Israel’s red lines in Syria’s civil war have included returning fire against any entity that fires into Israel (whether Syrian, rebel, Hizb’allah, or Iranian); not permitting Iran or Hizb’allah or any of their Shiite proxies in Syria to establish permanent bases within a specific distance of the Israeli Golan border; and not permitting weapons beyond a certain level of lethality and sophistication to move from Syria to Hezbollah. To enforce those lines, the Israeli Air Defense Force is suspected of carrying out attacks on a “scientific research center,” artillery positions, a “munitions factory,” and more. The Israeli government rarely confirms such strikes, but acknowledges that the Russians are informed of Israeli activity when necessary in an agreed-upon effort to limit the damage and not engage Russian forces themselves.
This has morphed into one of the most quietly effective relationships in the Middle East. Not an alliance, certainly, but the pragmatic leaders of both countries have concluded that each benefits by coordinating with the other.
Israeli prime minister Benjamin Netanyahu had a full agenda this week, as he went to Moscow for a five-hour meeting with Russian president Vladimir Putin after their meeting in Davos. High on the list was Israel’s growing concern about the expansion of Hizb’allah missiles and missile production facilities in Lebanon – facilitated by Iran. “It’s no longer a transfer of arms, funds or consultation. Iran has de-facto opened a new branch, the ‘Lebanon branch.’ Iran is here,” wrote IDF Spokesman Brig. Gen. Ronen Manelis. “In Lebanon, Hezbollah does not conceal its attempt to take control of the state.”
But on this and other issues, Russia, Syria’s longtime ally, is looking to reduce its exposure. As the shape of the Syrian war changes, Israel may find its working relations with Russia undermined by Moscow’s desire to exercise influence in Syria generally from afar, and by its shifting relations with Iran.
Since the start of the civil war in 2011, Moscow has enhanced its political position in Damascus and across the region. It has also strengthened its security position by upgrading its naval bases at Tartus and Latakia, while acquiring an airbase at Hmeimim. Russia is leery of committing troops to the war (Afghanistan looms large here), and there are, in fact, very few Russian soldiers on the ground. Now, as fighting on some fronts wanes, the Russians want to pull even those back. Visiting Syria last month, Putin said he would withdraw most of the troops while maintaining the bases. According to Israel’s Ha’aretz newspaper, Putin told assembled Russian troops, “Friends, “the homeland awaits you.”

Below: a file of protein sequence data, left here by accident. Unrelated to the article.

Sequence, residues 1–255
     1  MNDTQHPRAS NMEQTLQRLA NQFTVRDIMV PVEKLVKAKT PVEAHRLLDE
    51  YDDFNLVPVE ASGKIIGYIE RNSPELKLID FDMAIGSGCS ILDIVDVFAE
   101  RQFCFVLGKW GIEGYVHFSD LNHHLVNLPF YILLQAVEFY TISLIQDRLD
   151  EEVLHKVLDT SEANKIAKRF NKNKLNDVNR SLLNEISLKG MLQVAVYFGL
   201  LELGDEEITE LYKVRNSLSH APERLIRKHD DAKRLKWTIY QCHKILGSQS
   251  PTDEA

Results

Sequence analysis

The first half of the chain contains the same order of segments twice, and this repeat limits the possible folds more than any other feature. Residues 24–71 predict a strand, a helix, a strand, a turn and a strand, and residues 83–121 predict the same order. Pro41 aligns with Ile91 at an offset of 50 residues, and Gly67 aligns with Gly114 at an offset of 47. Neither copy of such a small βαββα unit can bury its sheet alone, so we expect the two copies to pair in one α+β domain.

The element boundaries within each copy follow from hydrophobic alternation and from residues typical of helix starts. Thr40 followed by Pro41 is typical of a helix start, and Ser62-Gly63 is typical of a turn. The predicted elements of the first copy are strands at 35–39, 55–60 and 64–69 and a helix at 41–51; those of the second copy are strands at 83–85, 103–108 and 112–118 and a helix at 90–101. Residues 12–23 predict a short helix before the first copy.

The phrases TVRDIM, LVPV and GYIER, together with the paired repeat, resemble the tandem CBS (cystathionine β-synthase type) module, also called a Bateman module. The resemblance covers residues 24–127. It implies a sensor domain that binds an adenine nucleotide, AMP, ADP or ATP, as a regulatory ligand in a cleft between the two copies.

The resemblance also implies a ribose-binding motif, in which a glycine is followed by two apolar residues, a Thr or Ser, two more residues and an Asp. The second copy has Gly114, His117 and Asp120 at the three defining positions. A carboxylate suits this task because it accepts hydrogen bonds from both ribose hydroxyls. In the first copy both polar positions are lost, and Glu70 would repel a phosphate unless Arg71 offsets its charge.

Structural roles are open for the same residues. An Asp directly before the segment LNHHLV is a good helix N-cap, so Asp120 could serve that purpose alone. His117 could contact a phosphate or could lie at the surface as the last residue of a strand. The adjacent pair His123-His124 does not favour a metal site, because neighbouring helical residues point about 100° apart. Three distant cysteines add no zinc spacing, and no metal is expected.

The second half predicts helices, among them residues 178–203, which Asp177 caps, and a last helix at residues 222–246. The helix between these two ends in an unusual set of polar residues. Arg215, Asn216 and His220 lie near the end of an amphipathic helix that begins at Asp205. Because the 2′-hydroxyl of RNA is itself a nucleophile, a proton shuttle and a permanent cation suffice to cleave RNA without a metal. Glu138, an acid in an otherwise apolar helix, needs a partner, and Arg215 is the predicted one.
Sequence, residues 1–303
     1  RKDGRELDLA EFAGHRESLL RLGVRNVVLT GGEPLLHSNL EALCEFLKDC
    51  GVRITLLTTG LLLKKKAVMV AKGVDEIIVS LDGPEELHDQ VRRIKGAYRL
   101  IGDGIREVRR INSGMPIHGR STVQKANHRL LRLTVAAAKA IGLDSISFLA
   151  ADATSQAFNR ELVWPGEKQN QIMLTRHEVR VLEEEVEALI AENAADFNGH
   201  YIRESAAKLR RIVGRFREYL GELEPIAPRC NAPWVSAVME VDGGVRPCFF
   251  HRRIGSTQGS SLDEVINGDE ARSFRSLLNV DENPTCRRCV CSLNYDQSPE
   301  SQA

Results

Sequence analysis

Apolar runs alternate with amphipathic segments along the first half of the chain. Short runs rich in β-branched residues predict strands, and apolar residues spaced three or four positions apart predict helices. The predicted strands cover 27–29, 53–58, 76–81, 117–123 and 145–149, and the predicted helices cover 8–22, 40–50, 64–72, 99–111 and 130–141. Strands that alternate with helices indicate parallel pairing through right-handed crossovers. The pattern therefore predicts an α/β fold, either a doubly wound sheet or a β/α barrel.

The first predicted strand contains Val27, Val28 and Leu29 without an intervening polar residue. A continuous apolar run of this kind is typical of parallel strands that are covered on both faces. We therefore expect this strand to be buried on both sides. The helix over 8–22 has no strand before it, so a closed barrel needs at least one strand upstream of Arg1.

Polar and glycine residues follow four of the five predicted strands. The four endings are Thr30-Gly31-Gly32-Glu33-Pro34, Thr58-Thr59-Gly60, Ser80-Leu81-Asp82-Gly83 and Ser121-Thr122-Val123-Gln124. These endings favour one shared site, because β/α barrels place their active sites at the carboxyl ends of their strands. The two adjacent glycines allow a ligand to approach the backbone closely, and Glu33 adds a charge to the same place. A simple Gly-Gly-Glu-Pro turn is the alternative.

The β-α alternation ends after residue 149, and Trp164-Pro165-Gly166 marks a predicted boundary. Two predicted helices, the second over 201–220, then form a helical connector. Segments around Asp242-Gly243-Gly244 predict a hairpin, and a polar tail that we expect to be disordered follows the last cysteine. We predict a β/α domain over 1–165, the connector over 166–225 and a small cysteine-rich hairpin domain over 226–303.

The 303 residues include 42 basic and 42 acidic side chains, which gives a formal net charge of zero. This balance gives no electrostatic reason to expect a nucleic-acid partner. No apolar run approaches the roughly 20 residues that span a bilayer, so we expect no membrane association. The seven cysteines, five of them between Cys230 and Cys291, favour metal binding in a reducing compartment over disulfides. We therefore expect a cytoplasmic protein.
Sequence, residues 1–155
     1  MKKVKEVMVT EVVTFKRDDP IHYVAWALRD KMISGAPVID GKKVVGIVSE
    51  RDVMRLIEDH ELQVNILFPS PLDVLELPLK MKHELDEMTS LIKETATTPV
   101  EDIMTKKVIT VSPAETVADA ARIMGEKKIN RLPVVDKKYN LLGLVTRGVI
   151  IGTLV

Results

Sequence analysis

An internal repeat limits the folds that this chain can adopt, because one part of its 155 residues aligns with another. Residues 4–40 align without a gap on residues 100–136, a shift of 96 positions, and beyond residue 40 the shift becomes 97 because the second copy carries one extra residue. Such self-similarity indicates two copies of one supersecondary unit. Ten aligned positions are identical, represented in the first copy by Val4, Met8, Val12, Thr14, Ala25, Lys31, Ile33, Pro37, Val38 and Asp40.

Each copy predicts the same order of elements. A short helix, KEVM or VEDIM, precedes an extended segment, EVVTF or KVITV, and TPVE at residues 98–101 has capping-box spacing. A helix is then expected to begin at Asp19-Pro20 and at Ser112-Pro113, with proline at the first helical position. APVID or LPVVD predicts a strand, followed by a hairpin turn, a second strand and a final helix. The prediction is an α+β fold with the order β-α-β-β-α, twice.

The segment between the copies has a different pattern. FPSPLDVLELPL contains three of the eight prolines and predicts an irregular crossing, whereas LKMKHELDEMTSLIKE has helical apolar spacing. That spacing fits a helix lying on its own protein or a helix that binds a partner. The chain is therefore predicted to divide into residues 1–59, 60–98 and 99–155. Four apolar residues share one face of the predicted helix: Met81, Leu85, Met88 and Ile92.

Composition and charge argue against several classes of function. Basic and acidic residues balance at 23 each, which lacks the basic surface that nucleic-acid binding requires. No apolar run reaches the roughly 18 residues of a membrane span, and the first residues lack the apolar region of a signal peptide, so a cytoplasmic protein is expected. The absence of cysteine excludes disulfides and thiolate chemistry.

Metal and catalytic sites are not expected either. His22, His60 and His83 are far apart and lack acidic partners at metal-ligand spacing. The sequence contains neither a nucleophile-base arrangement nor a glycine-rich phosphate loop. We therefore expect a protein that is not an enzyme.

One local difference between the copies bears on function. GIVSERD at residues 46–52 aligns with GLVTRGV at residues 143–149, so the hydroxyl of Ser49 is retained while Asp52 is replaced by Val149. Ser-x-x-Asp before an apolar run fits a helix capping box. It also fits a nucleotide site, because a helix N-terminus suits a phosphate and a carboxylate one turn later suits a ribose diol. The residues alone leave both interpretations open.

He had earlier said the military operation in Syria “is indeed in its final stages,” and the political process will begin to take precedence.
But while Russia makes plans to reduce its military presence in Syria, Iran is making plans to expand its influence — not in restricted air bases or naval bases on the coast, but in the Sunni heartland.
For Iran, Syria is part of the “Shiite Crescent,” the land bridge from Iran through Iraq, Syria and Lebanon to the Mediterranean Sea. Not only is it crucial in terms of controlling and supplying Shiite revolution across the region, it serves as a “lid” stretching across the northern borders of Saudi Arabia, Jordan and Israel — providing a means of harassing all three through proxies. But Syria is an awkward partner in the “Crescent,” being only 15-20% Shiite — and on top of that, Alawite, a heterodox branch of Shiism. In order to control Syria for the long term, Iran has to be on the ground in force.
As early as 2016, as the Syrian Armed Forces disintegrated, U.S. sources said there were more than 80,000 militia fighters controlled by Iran. Confirming the number last week, Israel’s ambassador to the UN, Danny Danon, said there were 3,000 members of the Islamic Revolutionary Guard Corps (IRGC), 9,000 members of Hizb’allah, and 10,000 “violent Shia militias recruited from across the Mideast, including Iraq, Afghanistan and Pakistan.” The rest are Syrian.
As for Lebanon, Mohammad Raad, a Hizb’allah leader poured gasoline on that fire, claiming Hizb’allah “has capabilities that can destroy the Israeli army,” and warning Israel against “doing something foolish… that will be destructive.” He called Israel “regionally and internationally isolated.” Other Hizb’allah leaders, seeking to cool the situation, denied Manelis’s assertion of Iranian control.
Israel is far from “regionally isolated.” In fact, Iran’s greatest concern at the moment is the burgeoning rapprochement between Israel and the Sunni Gulf States — especially Saudi Arabia. Israel is further bolstered by Vice President Mike Pence’s assertion that the U.S. won’t “let Iran dominate the region.” But movement by Russia out of Syria, leaving the ground game to Iran, could change the shape of Israel’s immediate neighborhood — to its detriment.